No. I think that I am sure others have questions as well, but I'm just curious about just some of your longer term margin expectations. I mean you guys have fought the good fight here and it's not unusual to see this kind of compression, but longer term do you feel like you can hold this kind of margin range?

Peter Chapman

Yes. We do. There is a couple of things there obviously we think deposit costs are -- they are going up but that's been a similar progression over the last few quarters. Certainly we've been reinvesting in high yields on the investment portfolio side of things Jon as well and certainly on the one side of things we're looking at things we can do to get a little bit more there and also as well swap income was lower this quarter I'd expect that to be higher this quarter and going forward so that helps margin as well. So yes, we've done it.

Jon Arfstrom

Okay. All right. Thank you, guys.

Peter Chapman

Thank you.

Operator

The next question comes from Damon DelMonte with KBW. Please go ahead.

Damon DelMonte

Hey, good morning guys. How's it going today?

Ken Karels

Good morning, Damon.

Damon DelMonte

Great. Just want to talk a little bit about expenses, I know you had the elevated OREO costs, I think you said that something around the $700,000, $800,000 level is reasonable. So if we back that out of this quarter is that a good run rate for us to go forward with or would you maybe see a bounce back in salary and benefits which were down this quarter?

Ken Karels

Yes. Next quarter maybe a little bit of an up tick, Damon, but our year-end merit items go through in the March quarter so not too much of an up tick, so if you back that -- if you back that expense from OREO, I think are at a pretty good base. There's a few sort of ins and outs there, but sort of, I'd say if you look at a base excluding the OREO, you're at about 57.5. We've said we'll sort of grow inflationary wise, so cool it sort of 3%, 4%, so that gets you sort of slightly over $58 million for sort of 58 in a quarter for the next quarter if you sort of just average that up.

Damon DelMonte

Okay, great. And then, I think you mentioned there was like a onetime expense on the data processing with the vendor or it maybe is recovery?

Ken Karels

Recovery. Yes. Just a benefit on a contract close out, so we had -- we had accrual, a quarter or two back Damon if you remember there and we just work through that and came out a little better than -- a little better than what we thought.

Damon DelMonte

Okay. That's all I had. I can go back into the queue. Thank you.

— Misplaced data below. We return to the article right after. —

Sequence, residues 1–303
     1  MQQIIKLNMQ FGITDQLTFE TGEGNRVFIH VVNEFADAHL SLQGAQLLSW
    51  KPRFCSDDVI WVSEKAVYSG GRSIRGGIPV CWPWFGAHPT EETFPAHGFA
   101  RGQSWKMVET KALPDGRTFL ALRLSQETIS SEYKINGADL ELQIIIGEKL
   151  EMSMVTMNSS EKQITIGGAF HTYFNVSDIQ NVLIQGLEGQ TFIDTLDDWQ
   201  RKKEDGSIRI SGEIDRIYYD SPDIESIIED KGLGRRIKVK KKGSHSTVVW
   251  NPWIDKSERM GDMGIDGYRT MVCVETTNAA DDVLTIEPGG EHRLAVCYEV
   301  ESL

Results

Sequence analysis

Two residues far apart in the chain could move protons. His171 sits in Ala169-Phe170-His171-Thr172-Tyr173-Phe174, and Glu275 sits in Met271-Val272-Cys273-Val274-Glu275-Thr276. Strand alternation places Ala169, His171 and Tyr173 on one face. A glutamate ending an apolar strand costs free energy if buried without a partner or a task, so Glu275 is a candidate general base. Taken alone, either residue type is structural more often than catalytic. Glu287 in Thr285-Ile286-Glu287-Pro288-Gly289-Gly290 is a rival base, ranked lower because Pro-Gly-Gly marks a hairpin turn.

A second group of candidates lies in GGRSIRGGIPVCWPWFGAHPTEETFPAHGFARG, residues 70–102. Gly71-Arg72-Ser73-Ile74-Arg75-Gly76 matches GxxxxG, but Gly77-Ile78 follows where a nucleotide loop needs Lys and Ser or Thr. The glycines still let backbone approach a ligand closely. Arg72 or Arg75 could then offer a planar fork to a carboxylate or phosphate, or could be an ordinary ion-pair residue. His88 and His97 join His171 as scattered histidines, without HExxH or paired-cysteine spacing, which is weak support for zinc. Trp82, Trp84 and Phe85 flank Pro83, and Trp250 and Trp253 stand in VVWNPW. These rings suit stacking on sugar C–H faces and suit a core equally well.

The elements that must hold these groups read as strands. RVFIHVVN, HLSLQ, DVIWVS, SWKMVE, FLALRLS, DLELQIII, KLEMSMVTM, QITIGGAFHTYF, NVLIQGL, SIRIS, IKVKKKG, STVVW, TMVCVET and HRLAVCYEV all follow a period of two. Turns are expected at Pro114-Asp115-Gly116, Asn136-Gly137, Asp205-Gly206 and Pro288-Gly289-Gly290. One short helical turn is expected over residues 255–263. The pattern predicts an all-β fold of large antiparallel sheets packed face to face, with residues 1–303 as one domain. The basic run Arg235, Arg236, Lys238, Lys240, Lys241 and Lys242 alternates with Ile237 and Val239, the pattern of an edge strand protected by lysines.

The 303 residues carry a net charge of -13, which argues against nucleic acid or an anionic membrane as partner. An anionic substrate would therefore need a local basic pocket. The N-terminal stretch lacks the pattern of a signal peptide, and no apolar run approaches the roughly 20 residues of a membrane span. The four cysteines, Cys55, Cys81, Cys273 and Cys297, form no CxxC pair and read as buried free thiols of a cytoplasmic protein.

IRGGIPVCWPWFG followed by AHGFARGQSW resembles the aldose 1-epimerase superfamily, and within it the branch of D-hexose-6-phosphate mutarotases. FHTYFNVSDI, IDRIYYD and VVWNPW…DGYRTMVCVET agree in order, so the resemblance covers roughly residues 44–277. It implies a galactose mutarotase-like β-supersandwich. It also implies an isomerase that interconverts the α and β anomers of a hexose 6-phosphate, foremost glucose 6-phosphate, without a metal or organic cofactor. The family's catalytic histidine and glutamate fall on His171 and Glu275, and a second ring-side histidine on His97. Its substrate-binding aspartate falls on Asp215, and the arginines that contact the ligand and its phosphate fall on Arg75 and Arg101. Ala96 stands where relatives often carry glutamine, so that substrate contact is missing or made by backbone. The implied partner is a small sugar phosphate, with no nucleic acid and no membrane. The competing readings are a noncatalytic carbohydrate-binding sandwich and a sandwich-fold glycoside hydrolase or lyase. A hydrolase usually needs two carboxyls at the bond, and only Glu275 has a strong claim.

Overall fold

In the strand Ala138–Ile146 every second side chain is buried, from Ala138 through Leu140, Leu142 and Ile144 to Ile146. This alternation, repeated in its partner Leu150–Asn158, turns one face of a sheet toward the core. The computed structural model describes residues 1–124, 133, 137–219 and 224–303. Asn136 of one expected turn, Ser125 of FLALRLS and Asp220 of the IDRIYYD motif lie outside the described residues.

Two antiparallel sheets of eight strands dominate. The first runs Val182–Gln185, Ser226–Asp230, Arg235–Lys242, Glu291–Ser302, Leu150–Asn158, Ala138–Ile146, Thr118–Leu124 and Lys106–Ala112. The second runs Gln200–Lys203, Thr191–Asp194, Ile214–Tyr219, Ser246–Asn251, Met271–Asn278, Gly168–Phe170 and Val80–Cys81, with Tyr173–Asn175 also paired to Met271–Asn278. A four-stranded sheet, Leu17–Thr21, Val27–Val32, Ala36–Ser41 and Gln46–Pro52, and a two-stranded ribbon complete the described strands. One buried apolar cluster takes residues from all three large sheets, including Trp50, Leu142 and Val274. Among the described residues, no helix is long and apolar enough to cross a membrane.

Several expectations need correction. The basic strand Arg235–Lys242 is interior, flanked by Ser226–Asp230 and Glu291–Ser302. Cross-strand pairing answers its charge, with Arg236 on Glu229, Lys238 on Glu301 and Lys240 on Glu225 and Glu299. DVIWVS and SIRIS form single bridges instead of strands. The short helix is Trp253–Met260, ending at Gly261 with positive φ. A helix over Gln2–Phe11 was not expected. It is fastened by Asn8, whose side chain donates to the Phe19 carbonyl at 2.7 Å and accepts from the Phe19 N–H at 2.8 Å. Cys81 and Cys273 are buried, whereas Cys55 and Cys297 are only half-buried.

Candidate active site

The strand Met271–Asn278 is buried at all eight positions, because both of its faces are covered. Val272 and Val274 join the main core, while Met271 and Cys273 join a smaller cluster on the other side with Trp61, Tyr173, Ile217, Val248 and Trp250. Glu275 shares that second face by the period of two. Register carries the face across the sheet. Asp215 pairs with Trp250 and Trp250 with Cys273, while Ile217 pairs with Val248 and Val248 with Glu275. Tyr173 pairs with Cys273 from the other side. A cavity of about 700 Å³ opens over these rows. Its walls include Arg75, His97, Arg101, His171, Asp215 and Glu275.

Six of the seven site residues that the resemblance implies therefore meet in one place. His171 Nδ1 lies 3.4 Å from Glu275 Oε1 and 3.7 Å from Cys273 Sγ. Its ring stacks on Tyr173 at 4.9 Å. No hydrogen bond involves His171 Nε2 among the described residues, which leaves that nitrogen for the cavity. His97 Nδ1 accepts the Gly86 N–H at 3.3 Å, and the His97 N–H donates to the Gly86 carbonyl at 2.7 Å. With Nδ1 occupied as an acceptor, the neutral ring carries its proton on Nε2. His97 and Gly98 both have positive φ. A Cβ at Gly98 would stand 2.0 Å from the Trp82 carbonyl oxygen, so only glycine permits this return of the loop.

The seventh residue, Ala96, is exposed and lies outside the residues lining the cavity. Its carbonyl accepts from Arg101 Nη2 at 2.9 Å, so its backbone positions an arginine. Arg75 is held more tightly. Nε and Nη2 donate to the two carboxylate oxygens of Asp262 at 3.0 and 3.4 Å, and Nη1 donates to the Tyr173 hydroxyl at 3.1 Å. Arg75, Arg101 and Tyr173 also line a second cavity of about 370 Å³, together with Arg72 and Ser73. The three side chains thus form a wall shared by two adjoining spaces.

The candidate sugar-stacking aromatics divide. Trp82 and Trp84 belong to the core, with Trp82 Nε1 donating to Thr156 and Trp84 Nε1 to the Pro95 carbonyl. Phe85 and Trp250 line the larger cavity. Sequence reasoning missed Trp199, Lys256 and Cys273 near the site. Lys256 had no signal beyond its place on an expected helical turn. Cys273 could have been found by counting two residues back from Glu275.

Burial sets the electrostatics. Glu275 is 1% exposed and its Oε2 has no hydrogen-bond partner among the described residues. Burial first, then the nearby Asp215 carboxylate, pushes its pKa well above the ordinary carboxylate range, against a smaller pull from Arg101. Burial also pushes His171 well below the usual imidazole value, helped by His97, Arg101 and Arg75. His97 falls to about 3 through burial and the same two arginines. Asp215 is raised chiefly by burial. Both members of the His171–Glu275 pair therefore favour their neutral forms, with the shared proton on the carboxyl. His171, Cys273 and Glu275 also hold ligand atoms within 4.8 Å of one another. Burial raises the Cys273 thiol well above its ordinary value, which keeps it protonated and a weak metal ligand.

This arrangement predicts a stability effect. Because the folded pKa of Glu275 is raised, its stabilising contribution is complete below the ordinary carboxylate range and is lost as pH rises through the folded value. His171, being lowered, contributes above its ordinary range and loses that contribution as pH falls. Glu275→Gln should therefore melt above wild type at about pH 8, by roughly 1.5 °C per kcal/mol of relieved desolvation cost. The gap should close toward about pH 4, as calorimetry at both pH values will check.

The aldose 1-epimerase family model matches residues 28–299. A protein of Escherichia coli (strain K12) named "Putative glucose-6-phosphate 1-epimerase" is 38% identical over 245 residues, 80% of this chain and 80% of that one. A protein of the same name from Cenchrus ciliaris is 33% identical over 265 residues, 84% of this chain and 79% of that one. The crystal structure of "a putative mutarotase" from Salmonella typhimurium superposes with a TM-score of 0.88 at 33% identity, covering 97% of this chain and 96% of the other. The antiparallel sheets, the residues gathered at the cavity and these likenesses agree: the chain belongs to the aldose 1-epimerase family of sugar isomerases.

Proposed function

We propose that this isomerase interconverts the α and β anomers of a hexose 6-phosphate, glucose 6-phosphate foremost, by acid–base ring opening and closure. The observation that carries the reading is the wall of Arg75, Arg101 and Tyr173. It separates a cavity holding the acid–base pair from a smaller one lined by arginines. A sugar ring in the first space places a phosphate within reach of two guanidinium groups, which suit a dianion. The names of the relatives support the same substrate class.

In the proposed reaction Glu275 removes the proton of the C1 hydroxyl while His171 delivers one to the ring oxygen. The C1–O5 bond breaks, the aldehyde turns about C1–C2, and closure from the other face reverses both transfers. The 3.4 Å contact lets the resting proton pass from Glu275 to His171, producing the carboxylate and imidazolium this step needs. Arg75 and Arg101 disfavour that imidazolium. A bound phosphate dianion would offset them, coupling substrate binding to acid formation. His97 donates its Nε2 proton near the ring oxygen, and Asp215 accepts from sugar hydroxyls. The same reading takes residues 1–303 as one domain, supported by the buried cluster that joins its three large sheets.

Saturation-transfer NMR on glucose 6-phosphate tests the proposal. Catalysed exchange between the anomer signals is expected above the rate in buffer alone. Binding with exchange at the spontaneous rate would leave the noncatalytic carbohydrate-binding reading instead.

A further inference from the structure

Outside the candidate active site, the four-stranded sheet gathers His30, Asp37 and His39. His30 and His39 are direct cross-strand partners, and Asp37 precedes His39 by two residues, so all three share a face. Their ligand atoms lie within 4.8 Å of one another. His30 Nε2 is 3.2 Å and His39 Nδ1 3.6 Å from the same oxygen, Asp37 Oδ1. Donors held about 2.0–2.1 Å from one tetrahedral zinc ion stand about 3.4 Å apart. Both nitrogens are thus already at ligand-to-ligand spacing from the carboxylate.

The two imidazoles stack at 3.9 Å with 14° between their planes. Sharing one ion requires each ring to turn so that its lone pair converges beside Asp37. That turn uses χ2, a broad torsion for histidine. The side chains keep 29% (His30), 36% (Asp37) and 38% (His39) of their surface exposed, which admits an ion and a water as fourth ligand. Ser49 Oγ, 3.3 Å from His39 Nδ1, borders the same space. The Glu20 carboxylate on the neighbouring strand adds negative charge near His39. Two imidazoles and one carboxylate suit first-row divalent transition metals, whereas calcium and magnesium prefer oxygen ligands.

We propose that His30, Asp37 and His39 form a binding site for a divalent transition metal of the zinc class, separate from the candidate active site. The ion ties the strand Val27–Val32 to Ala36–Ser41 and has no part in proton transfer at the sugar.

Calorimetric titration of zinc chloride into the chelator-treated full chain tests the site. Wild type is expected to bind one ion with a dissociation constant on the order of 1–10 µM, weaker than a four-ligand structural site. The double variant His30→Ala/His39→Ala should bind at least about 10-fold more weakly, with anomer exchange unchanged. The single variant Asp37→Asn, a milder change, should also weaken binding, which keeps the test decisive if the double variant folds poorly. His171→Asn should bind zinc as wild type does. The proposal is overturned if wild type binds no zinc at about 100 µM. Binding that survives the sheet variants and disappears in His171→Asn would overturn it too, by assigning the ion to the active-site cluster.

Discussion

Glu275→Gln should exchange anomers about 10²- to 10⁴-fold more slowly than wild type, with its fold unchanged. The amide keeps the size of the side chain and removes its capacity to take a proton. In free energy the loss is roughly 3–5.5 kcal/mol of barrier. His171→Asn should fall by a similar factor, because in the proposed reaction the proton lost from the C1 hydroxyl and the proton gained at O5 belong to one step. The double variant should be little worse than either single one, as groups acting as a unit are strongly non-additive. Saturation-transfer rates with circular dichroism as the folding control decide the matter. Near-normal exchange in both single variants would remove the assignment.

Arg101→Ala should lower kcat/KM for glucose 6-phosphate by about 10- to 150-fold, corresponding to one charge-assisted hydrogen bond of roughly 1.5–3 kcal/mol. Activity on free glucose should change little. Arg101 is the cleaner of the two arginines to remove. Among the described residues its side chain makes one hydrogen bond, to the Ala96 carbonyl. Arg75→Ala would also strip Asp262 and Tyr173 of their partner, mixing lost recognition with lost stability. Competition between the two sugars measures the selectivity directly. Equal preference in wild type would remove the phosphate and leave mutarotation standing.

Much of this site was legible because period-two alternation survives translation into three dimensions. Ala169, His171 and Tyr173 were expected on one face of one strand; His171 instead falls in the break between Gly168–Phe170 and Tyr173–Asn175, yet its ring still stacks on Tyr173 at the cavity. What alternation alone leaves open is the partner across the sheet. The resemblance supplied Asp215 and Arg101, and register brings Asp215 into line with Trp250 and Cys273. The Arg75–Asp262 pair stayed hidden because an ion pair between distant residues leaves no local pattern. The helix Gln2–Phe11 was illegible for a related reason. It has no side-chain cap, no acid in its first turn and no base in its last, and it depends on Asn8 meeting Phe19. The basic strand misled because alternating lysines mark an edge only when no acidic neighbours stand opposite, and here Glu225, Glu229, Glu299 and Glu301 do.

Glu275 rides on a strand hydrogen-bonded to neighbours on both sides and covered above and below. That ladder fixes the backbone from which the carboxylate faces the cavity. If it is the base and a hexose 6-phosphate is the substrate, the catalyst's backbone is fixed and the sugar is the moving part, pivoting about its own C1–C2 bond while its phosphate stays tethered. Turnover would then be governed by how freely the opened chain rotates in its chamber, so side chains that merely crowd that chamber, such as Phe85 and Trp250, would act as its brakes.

Ken Karels

Thanks Ken. Appreciate that

Operator

Okay. The next question comes from Steven Alexopoulos with JPMorgan. Please go ahead.

Steven Alexopoulos

Hey, good morning, everybody. Just to start on the NIM again. So regarding the outlook for the NIM to be relatively stable here. What's the assumption for the rise in deposit costs that underlies that?

Ken Karels

Pretty consistent with what we've seen Steve. We're not seeing an acceleration in that at this stage. Obviously, we've seen pressure in the last three or four quarters, but I think as you see that from what we have seen and as it's come through the numbers that's been a stable increase.

I think actually what do we see 37% beta really this last quarter. Steve, I think that the issue has been getting the loan beta up there and we're starting to see that happen. The other issue this last quarter of course is the LIBOR didn't increase as much as would normally increase. So we expect that to change around too.

Steven Alexopoulos

Right. So I mean deposit costs for the last two quarters at least were up this 12 to 13 basis point range. You think the loan beta can actually match that during 4Q?

Ken Karels

I don't think it can match it, but it surely can increase over what it has this last quarter.

Doug Bass

And also, I think deposit, I mean investment yield should increase as well Steve as well in this next quarter. Again, hit on an investment, yes, we have this a little bit and also back up plus yields are up to and also date counts one lower this quarter compared to next that would do.

Steven Alexopoulos

I mean just to follow up on Jon's question about sustainability of NIM over time, I mean with deposit costs going up this pace maybe for the next couple of quarters we'll see, and understand how your NIM could hold in stable as we look out over the next year, if you explain that?

Ken Karels